New space communication station built in WA hardware

New space communication station built in WA hardware
New space communication station built in WA hardware

Optical telescope. Source: UWA

The University of Western Australia (UWA) will install an optical communication station capable of receiving high-speed data transmissions from space.

The communication station can receive data from spacecraft from near-earth orbit (between 160 km and 1000 km above the surface of the earth) to the surface of the moon – approximately 384,000 km away.

Dr. Sascha Schediwy, head of the Astrophotonics Group at UWA and the International Center for Radio Astronomy (ICRAR), said optical communication is an emerging alternative to radio waves and is expected to dramatically improve data transmission capabilities from space.

“Most of today’s space communications are based on radio waves – it’s the same technology that the voice of Neil Armstrong brought us when the 1969 Apollo 11 mission landed on the moon,” Schediwy said in a statement.

“Optical laser communication in free space offers several advantages over radio, including significantly faster data rates and hack-proof data transmission.

“It’s the next generation of space communication, and we will likely see high-resolution footage of the first woman to walk on the moon.”

The $ 535,000 ground station will use an observatory-grade optical telescope measuring 0.7m, donated to ICRAR by Colin Eldridge of Perth, which will be equipped with a university-developed atmospheric noise suppression technology.

The West Australian ground station will be a joint venture between the UWA Astrophotonics Group, the ARC competence center for technical quantum systems (EQUS) and the British industrial partner Goonhilly Earth Station, which handles data traffic and supports secure communication links for large satellite operators, including Intelsat, Eutelsat and SES satellites.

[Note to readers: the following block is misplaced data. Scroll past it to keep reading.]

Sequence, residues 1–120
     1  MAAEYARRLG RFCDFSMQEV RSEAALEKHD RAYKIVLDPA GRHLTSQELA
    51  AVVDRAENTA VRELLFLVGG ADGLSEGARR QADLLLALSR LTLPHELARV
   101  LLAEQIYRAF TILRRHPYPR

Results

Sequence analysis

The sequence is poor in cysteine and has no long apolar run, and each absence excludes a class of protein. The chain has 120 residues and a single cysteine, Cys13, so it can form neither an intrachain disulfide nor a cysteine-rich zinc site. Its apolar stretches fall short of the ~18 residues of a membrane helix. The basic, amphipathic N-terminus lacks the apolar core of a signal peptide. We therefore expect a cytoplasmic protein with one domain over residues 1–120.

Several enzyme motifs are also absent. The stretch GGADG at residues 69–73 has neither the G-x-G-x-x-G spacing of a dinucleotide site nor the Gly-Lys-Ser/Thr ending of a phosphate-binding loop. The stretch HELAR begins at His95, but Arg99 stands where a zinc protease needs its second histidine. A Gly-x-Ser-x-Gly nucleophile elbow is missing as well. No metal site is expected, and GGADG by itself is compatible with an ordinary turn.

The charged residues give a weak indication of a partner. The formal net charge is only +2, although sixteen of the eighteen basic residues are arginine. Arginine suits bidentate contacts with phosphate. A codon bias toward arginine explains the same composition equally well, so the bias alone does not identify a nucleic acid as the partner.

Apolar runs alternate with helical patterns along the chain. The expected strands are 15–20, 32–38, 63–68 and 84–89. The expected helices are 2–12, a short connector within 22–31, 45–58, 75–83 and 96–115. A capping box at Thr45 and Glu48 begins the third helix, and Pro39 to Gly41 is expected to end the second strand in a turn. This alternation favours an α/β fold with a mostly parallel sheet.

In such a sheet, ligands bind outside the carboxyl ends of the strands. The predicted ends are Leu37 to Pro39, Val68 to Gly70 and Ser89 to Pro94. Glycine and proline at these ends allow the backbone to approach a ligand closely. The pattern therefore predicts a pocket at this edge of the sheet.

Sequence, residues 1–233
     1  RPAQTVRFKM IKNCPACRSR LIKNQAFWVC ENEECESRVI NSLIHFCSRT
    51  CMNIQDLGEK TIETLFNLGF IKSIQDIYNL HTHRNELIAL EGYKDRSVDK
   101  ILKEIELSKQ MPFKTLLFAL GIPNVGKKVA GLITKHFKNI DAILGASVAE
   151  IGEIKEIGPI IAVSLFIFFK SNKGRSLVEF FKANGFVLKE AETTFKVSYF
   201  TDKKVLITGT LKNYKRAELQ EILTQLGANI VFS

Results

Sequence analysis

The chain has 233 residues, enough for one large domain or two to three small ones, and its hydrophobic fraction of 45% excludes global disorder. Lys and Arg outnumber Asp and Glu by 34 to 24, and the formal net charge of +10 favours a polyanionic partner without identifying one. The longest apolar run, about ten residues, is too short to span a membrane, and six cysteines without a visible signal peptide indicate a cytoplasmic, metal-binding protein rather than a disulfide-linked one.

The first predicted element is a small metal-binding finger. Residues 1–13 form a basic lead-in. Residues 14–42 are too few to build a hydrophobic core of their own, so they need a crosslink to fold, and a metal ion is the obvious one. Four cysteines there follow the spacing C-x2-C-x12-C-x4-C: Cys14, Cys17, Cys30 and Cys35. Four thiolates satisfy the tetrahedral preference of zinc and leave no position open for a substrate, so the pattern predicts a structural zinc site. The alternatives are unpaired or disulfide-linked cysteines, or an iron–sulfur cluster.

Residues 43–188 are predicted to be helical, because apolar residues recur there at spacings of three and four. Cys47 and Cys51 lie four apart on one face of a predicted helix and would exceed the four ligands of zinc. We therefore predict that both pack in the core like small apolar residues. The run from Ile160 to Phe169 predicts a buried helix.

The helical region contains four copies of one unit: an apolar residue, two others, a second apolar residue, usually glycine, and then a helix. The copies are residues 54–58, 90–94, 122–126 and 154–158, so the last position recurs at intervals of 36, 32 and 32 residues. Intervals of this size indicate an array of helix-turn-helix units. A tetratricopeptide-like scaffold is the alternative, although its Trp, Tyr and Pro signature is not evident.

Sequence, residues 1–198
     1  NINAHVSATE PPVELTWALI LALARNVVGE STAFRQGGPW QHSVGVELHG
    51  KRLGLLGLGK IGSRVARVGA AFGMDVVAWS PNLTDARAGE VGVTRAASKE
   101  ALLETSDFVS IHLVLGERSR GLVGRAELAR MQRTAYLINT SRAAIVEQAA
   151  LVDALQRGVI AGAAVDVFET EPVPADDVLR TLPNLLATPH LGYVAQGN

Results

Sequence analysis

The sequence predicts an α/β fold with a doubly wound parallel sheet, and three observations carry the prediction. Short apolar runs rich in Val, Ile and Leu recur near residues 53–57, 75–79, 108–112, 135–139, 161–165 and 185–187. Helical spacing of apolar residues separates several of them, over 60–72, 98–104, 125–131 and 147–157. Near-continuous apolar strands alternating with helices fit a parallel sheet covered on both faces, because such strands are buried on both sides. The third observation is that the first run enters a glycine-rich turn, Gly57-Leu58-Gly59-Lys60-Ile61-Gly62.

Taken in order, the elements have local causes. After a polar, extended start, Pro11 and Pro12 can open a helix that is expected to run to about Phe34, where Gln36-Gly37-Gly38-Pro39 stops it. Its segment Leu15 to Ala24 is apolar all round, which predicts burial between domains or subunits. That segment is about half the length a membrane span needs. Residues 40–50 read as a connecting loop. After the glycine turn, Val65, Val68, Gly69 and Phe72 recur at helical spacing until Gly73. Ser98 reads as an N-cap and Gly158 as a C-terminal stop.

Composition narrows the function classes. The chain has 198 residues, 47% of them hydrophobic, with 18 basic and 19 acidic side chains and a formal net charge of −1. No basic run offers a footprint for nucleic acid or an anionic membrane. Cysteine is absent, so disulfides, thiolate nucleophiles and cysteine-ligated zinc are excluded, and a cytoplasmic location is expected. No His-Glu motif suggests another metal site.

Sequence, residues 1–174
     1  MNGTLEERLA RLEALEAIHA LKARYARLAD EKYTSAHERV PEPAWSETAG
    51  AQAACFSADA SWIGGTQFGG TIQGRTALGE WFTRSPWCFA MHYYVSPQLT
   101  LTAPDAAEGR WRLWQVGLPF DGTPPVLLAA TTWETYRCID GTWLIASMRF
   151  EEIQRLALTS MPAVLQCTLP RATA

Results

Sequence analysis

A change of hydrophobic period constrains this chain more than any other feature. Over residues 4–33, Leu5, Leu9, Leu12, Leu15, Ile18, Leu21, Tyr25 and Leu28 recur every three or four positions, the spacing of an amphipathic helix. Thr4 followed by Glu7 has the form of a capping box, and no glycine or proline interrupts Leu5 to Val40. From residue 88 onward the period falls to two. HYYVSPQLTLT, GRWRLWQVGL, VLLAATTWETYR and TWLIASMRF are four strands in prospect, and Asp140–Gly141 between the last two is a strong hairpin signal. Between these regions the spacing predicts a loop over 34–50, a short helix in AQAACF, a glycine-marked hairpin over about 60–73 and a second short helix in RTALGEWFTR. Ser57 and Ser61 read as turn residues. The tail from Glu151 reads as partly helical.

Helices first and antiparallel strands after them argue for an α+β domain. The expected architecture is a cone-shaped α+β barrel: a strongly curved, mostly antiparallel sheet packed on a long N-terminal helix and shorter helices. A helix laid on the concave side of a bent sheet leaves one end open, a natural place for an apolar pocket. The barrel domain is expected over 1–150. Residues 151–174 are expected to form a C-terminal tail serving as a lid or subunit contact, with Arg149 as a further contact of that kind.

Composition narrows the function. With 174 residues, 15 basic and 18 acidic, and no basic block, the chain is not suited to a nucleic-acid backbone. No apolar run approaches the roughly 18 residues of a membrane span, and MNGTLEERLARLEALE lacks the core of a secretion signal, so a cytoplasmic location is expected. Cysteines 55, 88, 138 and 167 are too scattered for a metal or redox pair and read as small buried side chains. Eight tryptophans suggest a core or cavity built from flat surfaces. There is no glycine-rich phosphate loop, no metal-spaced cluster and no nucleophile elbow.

The data from the station is fed into Goonhilly’s supercomputer data center in Cornwall, England, via high-speed fiber.

It will be part of a larger Australasian optical station network led by the Australian National University and supported by partners in South Australia and New Zealand.

EQUS Director, Professor Andrew White, said the West Australian ground station could be the first of its kind in the southern hemisphere and have additional research applications in various fields.

Ian Jones, CEO of Goonhilly, said the initiative is pushing satellite communications into the next generations of systems and technologies needed to support the “massive” volume of data generated by space missions.

“This data comes from science and other missions and will come from lunar and Mars missions in the future that include remote operations, robotics and AI,” said Jones.

“We are proud to be joint pioneers in the practical implementation of coherent optical communication.”

The ground station is expected to be operational from early 2021 and open for operation later this year.

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